My 0.02 here (which may actually not even be worth that much ;)
I have not heard of this, and in fact it sounds industrial and expensive to me. I would have to check to see if that is the standard for my state, and if it is you may in fact have to do it, but I would hope that you would not have to go that high tech for such things. On one side it sounds great, but typically Universities do not have the infrastructure to support what building costs allow them to install. Make sure your University has the funds to maintain such systems. Do they require special techs to service them, how often is service required, etc‰?|
With that, when you test them is there a way to bypass the alarm system (and will you have access to that)? You don‰??t want to alert the world when you are doing tests (though it may be a nice form of documentation that you in fact did something there).
If possible, I‰??d keep it simple. I feel that‰??s the best way in the long run. We installed these complex hood systems (to go with a nice ERU system) - but unfortunately they do require maintenance, and our University is not willing to call in a guy when a hood goes out (they want us to accumulate these things to make the call more worthwhile). I understand that concept, but it makes operations a bit more complex than normal.
Good luck with this.
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> On Oct 24, 2016, at 5:14 PM, Wilhelm, Monique
> Hi Brandon,
> It was not a requirement during my renovation that just ended. This is the first that I am hearing of such systems.
> Monique Wilhelm
> Laboratory Manager
> Department of Chemistry & Biochemistry
> University of Michigan ‰?? Flint
> From: ACS Division of Chemical Health and Safety [mailto:DCHAS-L**At_Symbol_Here**PRINCETON.EDU] On Behalf Of Chance, Brandon
> Sent: Monday, October 24, 2016 4:40 PM
> To: DCHAS-L**At_Symbol_Here**PRINCETON.EDU
> Subject: [DCHAS-L] Shower/Eyewash Station Audible and Visible Alarms
> During a recent lab renovation, the contractor presented to us wall mounted shower/eyewash stations that have both an audible alarm and visible strobe when activated. The unit also has the ability to communicate back tot he BMS system upon activation. While this all sounds fine and dandy, it has raised a few questions on my end.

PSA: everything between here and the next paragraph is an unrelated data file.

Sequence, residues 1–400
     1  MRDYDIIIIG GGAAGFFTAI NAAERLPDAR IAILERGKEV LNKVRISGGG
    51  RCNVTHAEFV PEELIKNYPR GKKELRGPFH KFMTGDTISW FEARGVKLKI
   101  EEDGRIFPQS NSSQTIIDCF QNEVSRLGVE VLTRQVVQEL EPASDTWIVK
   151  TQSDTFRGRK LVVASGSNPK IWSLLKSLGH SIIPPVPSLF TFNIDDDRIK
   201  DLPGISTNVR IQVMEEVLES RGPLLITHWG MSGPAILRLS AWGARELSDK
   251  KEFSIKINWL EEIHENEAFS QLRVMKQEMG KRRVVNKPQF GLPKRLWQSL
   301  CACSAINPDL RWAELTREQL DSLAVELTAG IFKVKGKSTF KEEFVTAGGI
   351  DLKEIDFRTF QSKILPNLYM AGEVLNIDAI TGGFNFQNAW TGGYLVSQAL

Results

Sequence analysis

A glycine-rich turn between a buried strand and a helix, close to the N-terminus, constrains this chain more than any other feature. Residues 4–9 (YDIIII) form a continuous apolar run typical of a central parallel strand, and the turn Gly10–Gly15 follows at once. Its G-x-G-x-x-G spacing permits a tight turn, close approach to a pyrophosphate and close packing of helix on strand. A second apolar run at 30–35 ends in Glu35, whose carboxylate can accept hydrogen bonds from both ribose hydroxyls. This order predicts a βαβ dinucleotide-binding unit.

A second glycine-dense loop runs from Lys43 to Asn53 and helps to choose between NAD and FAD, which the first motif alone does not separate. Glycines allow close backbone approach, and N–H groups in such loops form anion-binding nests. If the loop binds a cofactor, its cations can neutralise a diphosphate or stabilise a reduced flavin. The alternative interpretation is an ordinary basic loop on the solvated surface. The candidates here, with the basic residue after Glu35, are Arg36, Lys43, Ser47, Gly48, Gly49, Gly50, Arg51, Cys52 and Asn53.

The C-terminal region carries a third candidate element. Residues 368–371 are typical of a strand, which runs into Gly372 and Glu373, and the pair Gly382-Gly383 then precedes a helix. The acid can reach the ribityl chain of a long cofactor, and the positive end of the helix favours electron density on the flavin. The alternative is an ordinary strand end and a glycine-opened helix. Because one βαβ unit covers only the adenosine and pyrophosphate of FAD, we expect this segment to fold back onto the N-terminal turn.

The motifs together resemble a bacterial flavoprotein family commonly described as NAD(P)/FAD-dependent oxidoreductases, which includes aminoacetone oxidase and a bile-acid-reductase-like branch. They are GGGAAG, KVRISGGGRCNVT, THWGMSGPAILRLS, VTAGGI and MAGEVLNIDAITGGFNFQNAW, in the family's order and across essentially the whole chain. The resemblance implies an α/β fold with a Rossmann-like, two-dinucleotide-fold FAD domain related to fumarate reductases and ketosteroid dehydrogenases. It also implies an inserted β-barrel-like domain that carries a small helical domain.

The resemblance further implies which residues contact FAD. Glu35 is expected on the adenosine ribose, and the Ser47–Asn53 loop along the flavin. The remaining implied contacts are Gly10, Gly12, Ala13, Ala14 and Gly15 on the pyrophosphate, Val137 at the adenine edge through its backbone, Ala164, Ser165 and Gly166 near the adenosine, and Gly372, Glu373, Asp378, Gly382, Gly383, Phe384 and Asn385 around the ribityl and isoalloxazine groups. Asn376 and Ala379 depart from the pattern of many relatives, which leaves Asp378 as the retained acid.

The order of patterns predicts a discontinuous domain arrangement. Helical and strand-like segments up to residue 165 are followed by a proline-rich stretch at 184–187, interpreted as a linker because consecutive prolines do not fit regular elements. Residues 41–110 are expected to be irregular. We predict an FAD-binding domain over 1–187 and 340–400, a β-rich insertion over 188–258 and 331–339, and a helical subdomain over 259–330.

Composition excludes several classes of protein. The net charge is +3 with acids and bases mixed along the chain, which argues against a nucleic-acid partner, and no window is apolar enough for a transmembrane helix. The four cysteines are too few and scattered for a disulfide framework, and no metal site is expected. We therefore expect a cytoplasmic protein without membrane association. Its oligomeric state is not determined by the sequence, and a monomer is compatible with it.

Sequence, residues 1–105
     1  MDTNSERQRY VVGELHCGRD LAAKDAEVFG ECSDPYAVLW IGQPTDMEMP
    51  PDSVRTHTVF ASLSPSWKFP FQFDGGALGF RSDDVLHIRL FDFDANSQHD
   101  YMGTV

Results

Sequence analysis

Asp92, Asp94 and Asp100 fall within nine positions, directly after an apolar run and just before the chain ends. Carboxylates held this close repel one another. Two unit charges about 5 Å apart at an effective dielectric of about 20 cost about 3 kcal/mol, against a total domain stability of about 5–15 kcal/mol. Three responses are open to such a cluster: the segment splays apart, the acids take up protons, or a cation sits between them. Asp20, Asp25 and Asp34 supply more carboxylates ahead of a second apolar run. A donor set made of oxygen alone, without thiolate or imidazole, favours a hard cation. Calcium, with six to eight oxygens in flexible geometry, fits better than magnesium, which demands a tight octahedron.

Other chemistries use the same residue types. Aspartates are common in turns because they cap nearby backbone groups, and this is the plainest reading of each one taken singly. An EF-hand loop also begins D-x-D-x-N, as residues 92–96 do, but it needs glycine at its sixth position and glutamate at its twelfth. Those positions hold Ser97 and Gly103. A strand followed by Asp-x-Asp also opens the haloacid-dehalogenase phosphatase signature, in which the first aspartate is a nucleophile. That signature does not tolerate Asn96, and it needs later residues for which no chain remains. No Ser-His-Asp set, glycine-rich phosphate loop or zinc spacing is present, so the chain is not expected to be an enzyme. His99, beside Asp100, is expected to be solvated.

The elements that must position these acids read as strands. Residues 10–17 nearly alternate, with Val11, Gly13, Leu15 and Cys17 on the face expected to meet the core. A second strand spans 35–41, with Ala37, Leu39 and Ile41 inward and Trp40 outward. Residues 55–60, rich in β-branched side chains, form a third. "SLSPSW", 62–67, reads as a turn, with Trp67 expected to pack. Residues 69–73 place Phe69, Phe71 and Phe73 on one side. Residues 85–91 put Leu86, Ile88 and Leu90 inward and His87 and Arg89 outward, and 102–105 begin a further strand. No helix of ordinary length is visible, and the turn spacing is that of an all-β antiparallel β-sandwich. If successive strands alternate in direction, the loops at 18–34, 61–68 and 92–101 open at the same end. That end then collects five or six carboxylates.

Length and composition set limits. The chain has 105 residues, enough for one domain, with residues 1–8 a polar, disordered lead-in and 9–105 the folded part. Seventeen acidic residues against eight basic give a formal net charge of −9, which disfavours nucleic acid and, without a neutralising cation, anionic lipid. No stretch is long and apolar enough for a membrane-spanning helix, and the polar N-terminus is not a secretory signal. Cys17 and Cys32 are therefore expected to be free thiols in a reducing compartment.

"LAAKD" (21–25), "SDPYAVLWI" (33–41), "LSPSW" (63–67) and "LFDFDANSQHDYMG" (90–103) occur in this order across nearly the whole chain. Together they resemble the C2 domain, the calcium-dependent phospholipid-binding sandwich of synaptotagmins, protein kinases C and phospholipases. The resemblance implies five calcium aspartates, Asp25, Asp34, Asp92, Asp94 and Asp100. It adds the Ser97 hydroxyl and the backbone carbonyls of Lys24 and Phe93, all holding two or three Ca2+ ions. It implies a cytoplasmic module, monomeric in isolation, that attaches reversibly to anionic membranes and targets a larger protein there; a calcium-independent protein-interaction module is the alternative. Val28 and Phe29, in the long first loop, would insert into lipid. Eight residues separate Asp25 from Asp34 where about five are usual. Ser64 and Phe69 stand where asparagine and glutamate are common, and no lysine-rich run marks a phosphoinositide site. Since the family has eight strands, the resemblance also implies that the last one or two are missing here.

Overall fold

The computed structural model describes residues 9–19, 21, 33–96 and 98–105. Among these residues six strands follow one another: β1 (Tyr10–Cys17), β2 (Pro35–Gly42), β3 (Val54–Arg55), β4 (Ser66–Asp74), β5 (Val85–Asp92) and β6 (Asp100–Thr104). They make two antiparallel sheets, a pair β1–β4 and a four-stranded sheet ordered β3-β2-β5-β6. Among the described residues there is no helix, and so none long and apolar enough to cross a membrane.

> 1. Is this a new standard being used for installations? I definitely see some practical purposes for this in order to alert others that an emergency has occurred, but I have not come across this before.
> 2. This raises some design dilemmas on our end.
> A. We are installing these as flush mounted systems, so the units strobe and audible alarms would be above the drop ceiling (or we would have to relocate the alarm indicators).
> B. For obvious reasons, the contractor was originally spec-ing out installation on walls without electrical just for cost and ease of plumbing. If alarms are necessary, power must be ran to the units, thus increasing scope and cost.
> In general, I was just curious as to what kind of new installs other universities were currently putting in place.
> Brandon S. Chance, M.S., CCHO
> Associate Director of Environmental Health and Safety
> Office of Risk Management
> Southern Methodist University
> PO Box 750231 | Dallas, TX 75275-0231
> T) 214.768.2430 | M) 469-978-8664
> "‰?| our job in safety is to make the task happen, SAFELY; not to interfere with the work‰?|‰?? Neal Langerman
> --- This e-mail is from DCHAS-L, the e-mail list of the ACS Division of Chemical Health and Safety. For more information about the list, contact the Divisional secretary atsecretary**At_Symbol_Here**dchas.org
> --- This e-mail is from DCHAS-L, the e-mail list of the ACS Division of Chemical Health and Safety. For more information about the list, contact the Divisional secretary at secretary**At_Symbol_Here**dchas.org
This e-mail is from DCHAS-L, the e-mail list of the ACS Division of Chemical Health and Safety.
For more information about the list, contact the Divisional secretary at secretary**At_Symbol_Here**dchas.org
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